And then…there were none.
It only ends once
Speaking of Lost Weekends, I had many of those at The Lost Horizon in Syracuse, New York. If you ever played music or hung out in Syracuse, you knew the place and you knew of Greg Italiano, the man behind the club. Sadly, he passed away this week at 59; he would have been 60 this August.
I never got to know him personally but I did know many promoters and hundreds of musicians who always spoke highly of him. He gave countless bands their first break, and I’m sure the thoughts and well-wishes will pour in from around the globe as the sad news spreads through the music community.
Once Wanda’s and later The Yellow Balloon, Greg started running The Lost Horizon in the 70’s. In my stomping years, the club was anything but the Shangri-La the name implies, but in fairness Syracuse was known for having many clubs where it would be healthier to pee your pants than enter the bathroom.
But what it lacked in decorum it made up in solid bookings. My mind is clouded but a Who’s Who of rock bands played in that room – The New York Dolls, The Ramones, Jason and the Scorchers, The Beat Farmers, and on and on. Every local band worth seeing rocked that stage and probably put a few guitar necks through the low ceiling.
In its recent incarnations it was primarily an alternative and metal club, but ask any touring bands of that ilk where to play and draw the crowd and they’d drop that name. As always, that was Greg – finding out what kids want and providing it for them.
R.I.P. Greg – thanks for everything.
It’s about time.
It’s time for LOST to put up or shut up, and hopefully it will be the former not the latter. The creators have insisted that they have had the endgame in place since the very first season, and with a negotiated timeline for these past couple of seasons, they have had the opportunity to structure the final path with great precision. Rarely has an episodic show been given that kind of leverage, but I will be the first to admit that they have earned the shot.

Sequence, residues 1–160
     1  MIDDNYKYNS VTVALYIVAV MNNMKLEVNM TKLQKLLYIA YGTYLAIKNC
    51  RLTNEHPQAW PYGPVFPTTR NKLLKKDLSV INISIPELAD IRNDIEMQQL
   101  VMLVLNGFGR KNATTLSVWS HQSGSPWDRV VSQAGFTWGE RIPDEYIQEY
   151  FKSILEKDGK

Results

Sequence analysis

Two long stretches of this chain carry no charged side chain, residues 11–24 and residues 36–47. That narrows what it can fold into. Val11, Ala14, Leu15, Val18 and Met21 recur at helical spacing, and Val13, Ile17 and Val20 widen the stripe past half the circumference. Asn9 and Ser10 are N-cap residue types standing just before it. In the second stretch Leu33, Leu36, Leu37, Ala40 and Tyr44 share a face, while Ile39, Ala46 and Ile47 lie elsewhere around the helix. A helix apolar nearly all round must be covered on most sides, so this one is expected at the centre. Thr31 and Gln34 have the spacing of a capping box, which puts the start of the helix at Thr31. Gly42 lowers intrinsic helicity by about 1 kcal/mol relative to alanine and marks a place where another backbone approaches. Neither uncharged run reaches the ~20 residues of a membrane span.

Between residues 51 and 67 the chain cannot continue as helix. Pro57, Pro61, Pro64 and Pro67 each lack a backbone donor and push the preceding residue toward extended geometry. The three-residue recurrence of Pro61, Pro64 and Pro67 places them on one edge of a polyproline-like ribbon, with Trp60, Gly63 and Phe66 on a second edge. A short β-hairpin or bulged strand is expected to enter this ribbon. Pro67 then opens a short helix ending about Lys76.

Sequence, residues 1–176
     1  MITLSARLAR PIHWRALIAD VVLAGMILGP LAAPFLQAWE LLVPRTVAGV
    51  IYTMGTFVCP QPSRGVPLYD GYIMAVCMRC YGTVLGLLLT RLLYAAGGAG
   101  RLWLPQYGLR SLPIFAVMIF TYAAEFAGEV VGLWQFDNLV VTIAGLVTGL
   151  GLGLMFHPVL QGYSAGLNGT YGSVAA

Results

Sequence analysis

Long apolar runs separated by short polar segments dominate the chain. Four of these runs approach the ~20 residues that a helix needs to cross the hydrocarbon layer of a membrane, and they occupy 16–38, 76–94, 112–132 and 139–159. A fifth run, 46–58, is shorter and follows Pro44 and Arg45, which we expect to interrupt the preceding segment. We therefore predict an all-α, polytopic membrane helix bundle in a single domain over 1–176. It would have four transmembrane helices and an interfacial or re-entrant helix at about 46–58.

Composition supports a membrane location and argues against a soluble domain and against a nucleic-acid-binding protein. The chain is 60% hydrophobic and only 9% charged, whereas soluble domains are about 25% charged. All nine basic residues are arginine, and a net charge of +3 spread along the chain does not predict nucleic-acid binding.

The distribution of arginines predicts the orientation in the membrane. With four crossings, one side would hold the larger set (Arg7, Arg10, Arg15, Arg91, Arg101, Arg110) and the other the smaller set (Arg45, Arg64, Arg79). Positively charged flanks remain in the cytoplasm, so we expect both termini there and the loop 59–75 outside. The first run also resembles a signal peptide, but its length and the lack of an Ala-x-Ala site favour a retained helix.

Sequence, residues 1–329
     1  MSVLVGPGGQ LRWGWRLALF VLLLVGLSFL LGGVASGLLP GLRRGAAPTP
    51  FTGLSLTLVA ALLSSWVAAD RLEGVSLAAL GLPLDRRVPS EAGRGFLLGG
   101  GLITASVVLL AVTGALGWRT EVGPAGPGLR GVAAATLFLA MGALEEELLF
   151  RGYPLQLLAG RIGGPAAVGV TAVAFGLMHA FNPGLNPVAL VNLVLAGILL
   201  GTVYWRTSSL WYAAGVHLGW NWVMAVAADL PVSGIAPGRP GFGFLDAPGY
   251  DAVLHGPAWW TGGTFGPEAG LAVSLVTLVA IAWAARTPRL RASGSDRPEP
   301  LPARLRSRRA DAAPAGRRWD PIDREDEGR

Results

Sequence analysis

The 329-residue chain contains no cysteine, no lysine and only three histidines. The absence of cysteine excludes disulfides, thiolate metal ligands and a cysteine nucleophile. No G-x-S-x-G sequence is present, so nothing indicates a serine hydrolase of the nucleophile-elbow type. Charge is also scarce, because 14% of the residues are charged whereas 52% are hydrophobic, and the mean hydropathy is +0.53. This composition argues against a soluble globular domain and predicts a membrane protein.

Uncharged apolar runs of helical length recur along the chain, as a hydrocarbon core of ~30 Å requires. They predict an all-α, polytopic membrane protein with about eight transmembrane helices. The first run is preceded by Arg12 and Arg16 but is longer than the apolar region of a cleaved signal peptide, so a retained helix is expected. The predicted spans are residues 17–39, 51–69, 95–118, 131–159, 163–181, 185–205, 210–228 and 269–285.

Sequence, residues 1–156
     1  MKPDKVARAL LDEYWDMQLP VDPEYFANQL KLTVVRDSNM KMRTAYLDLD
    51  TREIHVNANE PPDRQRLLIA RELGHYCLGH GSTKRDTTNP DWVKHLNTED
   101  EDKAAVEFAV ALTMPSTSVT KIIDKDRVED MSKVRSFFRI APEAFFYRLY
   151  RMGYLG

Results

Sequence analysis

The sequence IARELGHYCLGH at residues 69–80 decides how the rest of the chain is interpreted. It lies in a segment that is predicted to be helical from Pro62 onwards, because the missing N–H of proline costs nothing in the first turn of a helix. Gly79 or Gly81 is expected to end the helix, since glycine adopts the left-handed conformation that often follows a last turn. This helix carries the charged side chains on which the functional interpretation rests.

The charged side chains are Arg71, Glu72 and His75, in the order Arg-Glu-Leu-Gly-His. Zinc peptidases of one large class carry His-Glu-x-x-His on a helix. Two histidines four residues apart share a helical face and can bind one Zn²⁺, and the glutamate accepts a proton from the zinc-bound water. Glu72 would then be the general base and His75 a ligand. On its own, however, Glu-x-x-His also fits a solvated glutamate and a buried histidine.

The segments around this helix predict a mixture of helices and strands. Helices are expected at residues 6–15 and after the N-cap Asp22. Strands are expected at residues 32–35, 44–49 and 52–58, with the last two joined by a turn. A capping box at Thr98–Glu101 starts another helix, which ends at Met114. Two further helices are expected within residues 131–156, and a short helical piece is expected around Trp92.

I’m a bit skeptical that the endgame was that specific – Ben Linus, after all, was initially written as a marginal character. But Michael Emerson’s dynamic performance led to Ben not only getting more screen time but ultimately becoming arguably the central character on the show. So unless the creators simply transferred another character’s storyline onto Ben’s shoulders, an audible was clearly called somewhere in process.
And I’m fine with that. After suffering through what happened on The X-Files, I’ve been far more skeptical when labyrinthine plots and conspiracy theories are at the center of a program, but it appears that Lost has weaved a pretty airtight mosaic of people and events. It’s amazing to watch early episodes and notice something in the background that resurfaces several episodes (or years later). The X-Files once had a brilliant alien conspiracy theory in place but didn’t invest in the continuity with the same diligence as the fans did, and eventually the logic contradicted itself. The show ultimately backed itself into a corner by presenting two scenarios that could not co-exist, and a loyal fan base was justifiably frustrated and disappointed when no resolution or explanation was delivered. You don’t want to invest that kind of time into anything and be left hanging.
And that’s what’s so fascinating about this show. There are people (like me) who have been in deep since the first episode, and others who bailed during the show’s mid-life who have comeback into the fold when the announcement was made that the full story would get to be aired to its conclusion. The excitement for the last season is palpable, from the fan blogs with simple theory posts to incredible websites dedicated to in-depth psychological character evaluations and doctorate-level theses on the symbolism and meaning of the show. The writers and creators of LOST have had the gauntlet thrown down, and they have eighteen hours to pull it off.
Carlton Cuse and Damon Lindelof have gleefully dispensed tiny clues and hints over the years but are already throwing the caveat out there for the endgame. Lindelof suggests that “Some people will think it’s enormously satisfying. Other people will think it’s not satisfying enough. It all depends on the way that you watch the show”. Hmmm…
Wikipedia of Lost episodes.